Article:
Fresh FIction Box Not To Miss

Sarah MacLean | We Are All Sugar Beth

August 15, 2014

Sarah MacLeanAIN'T SHE SWEET?I am an unabashed Susan Elizabeth Phillips fan. I have been for most of my adult life, since I read NOBODY’S BABY BUT MINE, fell deeply in love with Cal, and never looked back.

For romance readers, Susan is the kind of author who keeps you watching the calendar, waiting for her latest release. For romance writers she is Babe Ruth, Einstein, Meryl Streep (pick your comparison)—what I’m getting at is this: Susan Elizabeth Phillips is the master, and we are lucky to get a chance to write around her.

I’m here today to talk about AIN’T SHE SWEET, which I read at least once a year (sometimes more than once when I’m in that book slump that its heroine, Sugar Beth Carey, is such an expert at getting the residents of Parrish, Mississippi out of). I reread it for lots of reasons that you’d expect—it’s hilariously funny, very sexy and a terrific example of a book that just makes you feel good.

But I also read it because we are all Sugar Beth.

At first glance, you won’t believe me. You see, at the start of the book, Sugar Beth is a downright bitch. You know the kind of girl I’m talking about—the mean girl in high school. She’s spoiled rotten and exceedingly cruel. Not just any old mean-girl, either. She’s the leader of them. But even at sixteen, she manages up better than any Dale Carnegie follower you’ll ever meet. Parents love her. Teachers love her. Well, except one teacher. Colin Byrne, young, handsome English teacher who loses his job when Sugar Beth tells her mother that he touched her inappropriately. She ruins his life.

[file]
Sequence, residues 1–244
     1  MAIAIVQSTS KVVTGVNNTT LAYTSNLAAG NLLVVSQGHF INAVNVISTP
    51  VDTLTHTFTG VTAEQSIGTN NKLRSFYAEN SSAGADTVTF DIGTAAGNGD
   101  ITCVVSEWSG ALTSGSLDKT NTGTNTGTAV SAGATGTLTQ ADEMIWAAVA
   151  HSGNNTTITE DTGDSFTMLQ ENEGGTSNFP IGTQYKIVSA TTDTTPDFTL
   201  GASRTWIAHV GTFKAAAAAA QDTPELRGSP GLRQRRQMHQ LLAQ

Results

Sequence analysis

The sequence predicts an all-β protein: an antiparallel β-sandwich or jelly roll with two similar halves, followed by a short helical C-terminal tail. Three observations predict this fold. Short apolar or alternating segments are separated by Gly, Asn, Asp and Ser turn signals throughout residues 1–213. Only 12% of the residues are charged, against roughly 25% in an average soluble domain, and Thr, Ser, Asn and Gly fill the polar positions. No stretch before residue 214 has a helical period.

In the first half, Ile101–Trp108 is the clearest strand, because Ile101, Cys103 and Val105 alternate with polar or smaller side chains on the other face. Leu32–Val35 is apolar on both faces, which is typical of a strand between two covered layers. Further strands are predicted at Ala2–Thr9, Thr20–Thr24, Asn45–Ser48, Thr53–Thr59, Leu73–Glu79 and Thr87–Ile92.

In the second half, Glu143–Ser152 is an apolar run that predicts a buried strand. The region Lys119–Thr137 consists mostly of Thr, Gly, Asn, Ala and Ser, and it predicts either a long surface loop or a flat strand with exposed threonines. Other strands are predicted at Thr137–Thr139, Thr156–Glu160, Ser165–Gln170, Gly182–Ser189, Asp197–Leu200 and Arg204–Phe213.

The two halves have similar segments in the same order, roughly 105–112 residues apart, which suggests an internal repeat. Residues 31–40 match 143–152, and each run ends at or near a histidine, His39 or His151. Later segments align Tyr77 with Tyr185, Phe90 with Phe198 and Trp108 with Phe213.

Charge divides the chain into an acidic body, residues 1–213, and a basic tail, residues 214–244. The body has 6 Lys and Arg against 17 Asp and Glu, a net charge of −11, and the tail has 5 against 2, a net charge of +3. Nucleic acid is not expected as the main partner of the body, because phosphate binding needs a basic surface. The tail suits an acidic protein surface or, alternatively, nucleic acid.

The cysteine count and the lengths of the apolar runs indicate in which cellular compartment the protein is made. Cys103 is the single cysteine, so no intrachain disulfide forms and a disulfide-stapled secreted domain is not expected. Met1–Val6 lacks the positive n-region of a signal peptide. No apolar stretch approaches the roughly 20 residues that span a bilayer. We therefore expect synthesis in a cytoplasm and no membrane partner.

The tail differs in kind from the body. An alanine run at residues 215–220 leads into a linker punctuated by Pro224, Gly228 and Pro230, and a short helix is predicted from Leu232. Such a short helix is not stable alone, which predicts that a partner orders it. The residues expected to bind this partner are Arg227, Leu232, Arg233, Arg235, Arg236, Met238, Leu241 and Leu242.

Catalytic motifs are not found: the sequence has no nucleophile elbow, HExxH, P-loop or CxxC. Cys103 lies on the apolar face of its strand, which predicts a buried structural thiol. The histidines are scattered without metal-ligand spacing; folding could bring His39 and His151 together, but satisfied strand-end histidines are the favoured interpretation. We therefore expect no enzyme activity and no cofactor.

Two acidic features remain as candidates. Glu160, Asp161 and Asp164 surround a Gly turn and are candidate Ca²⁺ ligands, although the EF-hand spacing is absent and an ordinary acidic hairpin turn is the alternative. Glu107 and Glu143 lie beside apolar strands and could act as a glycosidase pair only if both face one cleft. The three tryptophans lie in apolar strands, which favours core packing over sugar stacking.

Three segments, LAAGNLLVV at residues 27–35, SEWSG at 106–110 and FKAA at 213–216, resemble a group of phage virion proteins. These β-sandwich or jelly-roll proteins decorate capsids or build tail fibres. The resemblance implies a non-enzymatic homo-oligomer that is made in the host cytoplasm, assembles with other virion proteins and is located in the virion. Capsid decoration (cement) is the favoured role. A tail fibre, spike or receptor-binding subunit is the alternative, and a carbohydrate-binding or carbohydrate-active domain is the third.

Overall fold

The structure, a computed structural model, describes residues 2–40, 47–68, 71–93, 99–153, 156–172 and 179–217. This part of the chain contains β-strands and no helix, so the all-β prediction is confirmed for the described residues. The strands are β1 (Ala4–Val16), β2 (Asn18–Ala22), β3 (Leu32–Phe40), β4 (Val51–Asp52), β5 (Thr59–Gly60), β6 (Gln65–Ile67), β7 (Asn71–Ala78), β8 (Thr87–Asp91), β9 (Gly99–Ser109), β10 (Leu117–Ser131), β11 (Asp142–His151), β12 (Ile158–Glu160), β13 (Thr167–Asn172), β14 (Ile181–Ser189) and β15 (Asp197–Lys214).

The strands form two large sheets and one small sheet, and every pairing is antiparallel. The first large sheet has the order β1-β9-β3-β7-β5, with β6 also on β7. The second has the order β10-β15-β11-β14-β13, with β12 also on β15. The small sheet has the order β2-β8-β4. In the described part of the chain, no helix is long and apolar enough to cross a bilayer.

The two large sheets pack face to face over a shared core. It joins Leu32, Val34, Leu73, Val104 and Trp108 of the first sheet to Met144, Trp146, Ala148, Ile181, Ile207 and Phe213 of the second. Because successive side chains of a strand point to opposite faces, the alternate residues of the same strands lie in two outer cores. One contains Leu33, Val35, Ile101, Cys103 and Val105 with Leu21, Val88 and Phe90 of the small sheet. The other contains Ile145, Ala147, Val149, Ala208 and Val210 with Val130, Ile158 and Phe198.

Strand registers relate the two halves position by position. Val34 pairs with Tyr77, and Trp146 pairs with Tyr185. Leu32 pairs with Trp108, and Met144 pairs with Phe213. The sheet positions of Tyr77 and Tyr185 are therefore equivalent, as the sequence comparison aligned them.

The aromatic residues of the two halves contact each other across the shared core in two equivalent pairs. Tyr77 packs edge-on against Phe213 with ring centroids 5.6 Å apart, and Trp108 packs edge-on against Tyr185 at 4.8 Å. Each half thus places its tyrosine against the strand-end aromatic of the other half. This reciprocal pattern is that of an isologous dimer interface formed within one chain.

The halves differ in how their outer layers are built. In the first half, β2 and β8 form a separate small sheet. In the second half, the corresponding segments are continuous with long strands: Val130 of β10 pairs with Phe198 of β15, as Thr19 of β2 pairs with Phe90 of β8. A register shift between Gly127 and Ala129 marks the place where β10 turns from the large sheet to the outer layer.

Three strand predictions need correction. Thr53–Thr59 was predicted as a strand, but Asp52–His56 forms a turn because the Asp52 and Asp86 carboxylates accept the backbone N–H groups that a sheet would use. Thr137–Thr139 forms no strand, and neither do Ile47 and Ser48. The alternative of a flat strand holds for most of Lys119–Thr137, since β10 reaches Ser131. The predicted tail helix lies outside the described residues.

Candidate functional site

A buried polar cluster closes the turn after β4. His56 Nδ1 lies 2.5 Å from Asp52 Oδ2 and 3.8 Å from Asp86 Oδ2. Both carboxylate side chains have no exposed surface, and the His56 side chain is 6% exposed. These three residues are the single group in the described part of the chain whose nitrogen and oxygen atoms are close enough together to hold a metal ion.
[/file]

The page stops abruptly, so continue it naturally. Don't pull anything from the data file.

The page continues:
But karma…well, it’s more of a bitch than Sugar Beth. Our heroine returns to Parrish fifteen years later, after three husbands. She cares for a developmentally disabled daughter and comes back to live in a house left to her by her aunt. The house in question sits on the land formerly owned by Sugar Beth’s father, now owned by wealthy and famous writer Mr. Byrne, who decides to humiliate her for her sins. And he’s our hero.


As I said, there are lots of reasons to love this book (the inherent conflict in Sugar Beth having to scrape and survive and live on the land owned by a man she ruined, Susan Elizabeth Phillips’s brilliant wit, Colin’s evolution into a dreamboat), but really, there’s only one reason to think it’s beautiful, and that’s this:

You start the book hating Sugar Beth, and you end up loving her.

Because, you see, Sugar Beth is the embodiment of the adage: Every villain is the hero of his own story. Suddenly, we see the truth of Sugar Beth’s past. Her desperate desire to be loved, her fear of being nothing but the pretty girl. We see her broken and bruised, but deeply committed to her step-daughter, who needs her quite desperately. And we see her center of steel–when the rest of this tiny town comes after her, desperate to see her fail, Sugar Beth doesn’t run and hide, she stays and fights. Taking hits and delivering them like a prizefighter.

We are all Sugar Beth.

We’ve all made mistakes. Said things we shouldn’t have said. Done things we shouldn’t have done. We are all the villain in another’s play (Full disclosure, I might be the villain in more than one play). But ultimately, we are heroes, as well. We have good qualities. We have strengths. And we, like everyone else, deserve love…despite our past sins. Perhaps because of them.

And when Sugar Beth and Colin finally, finally discover how they really feel, it’s magic, because she’s not sure she deserves love either.

“I was sure a long time ago. I’m very much in love with you.”

She gripped the phone tighter. “Come home, Colin. Now.”

“And put myself at your mercy again? I’m hardly that foolish.”

“Then how are we going to settle this?’

“Inside a church in front of a minister. Take it or leave it.”

She jumped back up. “I’m leaving it!”

Silly Sugar Beth.

Of course, it’s a romance novel…so she sees the light and everything works out in the end…but we’ve all been there, right? Terrified of our pasts and our futures…stuck in our present.

We are all Sugar Beth.

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